request” a piece he had written originally for the Lawrenceburgh Register titled “Rabbit Hash, Kentucky:
The Origin of Its Name.” At that time, Nelson was the editor of both the Lawrenceburgh and the Rising
Sun newspapers. He was also a local school teacher. He married the widow Carlton and lived in the town
of Rabbit Hash, just above the reaches of the Ohio River floods. He attributes the naming to a local
inhabitant by the name of Frank. “He stood somewhat apart, shivering violently, not so much from the
effects of the cold, however, as from the chronic influence on his system of over-indulgence in any and
every kind of alcoholic stimulant that he could buy, beg or borrow.” The day was reported to be
Christmas Day, 1847. “For several days the river had been rising steadily, until now all the houses on the
bank were flooded…” This included the General Store. The flood reportedly crested at 63.7 feet. “It was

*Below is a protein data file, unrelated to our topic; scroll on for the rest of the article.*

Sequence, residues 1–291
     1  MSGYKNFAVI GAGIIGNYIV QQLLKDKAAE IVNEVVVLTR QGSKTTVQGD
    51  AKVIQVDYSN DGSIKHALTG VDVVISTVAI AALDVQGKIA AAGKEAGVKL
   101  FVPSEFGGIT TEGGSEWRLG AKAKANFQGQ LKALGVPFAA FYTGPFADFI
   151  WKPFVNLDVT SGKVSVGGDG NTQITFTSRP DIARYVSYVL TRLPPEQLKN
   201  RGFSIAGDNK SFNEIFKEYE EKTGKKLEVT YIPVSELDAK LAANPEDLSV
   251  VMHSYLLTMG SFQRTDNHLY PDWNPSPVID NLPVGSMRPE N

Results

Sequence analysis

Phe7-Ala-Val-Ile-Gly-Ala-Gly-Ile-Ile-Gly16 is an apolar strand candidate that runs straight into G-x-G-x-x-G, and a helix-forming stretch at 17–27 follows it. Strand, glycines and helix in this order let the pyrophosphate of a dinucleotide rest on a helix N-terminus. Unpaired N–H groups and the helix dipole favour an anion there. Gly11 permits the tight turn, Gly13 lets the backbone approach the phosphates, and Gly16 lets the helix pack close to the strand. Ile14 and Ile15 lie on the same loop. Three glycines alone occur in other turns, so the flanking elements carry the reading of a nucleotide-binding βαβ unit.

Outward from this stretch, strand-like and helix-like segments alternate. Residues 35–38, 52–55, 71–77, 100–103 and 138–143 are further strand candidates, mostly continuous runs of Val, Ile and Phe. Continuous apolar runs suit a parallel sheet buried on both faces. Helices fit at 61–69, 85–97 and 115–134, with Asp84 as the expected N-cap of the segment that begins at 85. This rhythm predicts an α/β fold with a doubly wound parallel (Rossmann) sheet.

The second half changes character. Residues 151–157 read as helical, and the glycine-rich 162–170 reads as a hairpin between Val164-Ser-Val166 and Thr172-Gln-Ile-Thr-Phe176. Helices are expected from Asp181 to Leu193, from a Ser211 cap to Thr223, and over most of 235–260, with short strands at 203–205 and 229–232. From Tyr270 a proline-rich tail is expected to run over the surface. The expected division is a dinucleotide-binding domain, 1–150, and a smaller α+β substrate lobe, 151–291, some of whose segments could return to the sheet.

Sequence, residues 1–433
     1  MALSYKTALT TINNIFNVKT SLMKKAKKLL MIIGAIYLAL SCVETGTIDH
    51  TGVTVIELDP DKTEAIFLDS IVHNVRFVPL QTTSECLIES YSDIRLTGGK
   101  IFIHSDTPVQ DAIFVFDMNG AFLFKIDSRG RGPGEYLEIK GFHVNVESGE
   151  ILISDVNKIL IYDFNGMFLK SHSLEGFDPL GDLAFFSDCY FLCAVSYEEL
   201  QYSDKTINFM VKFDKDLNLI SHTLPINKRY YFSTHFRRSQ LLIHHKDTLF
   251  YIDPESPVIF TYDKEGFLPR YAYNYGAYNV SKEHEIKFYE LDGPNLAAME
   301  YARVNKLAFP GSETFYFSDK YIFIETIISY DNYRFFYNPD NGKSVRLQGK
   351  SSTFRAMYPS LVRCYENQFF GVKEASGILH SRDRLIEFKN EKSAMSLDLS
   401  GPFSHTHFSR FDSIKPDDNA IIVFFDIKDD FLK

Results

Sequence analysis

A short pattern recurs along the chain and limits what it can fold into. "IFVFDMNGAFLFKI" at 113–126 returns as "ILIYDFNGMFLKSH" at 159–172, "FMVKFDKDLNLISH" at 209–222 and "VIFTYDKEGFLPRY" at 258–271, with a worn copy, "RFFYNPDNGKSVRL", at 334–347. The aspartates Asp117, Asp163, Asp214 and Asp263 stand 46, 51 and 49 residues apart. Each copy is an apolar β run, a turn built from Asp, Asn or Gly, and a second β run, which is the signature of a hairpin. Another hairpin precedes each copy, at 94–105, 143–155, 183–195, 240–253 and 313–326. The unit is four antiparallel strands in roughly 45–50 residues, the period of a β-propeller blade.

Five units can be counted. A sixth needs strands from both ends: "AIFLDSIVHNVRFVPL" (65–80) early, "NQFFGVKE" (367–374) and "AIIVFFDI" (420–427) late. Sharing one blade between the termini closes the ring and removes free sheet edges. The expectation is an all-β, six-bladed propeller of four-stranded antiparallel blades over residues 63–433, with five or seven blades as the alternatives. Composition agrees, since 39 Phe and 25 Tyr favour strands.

a time of considerable hardship and suffering. Snow two feet deep covered the ground, and that
combined with the extreme cold made communication with the outside world extremely uncomfortable
and somewhat hazardous.”
The official recording of Ohio River high waters and flooding actually began in 1858. Before that the
reported levels were somewhat arbitrary but within a reasonable margin of error. According to National
Oceanic and Atmospheric Administration’s (NOAA) National Weather Service, the official flood stages at
Cincinnati had been 45 feet from 1873 to 1893; 50 feet from 1899 to March 31, 1922; and 52 feet from
April1, 1922 to present. From 1858 until 2014 there were a total of 103 times the Ohio surpassed the 52
foot flood stage. January, February and March have been the most common months for floods and April
not as often. There has been one flood recorded in June.
The flood of January 22, 1862 reached an official level of 57 feet, two and one half inches. So that year
it became threateningly close, but did not get into the building. It would be another 21 years before the
next flooding event and this one was very significant. On February 15, 1883 the river crested at 66 feet,
5 inches, which translates to over 6 feet of water and mud in the building. But it held its ground and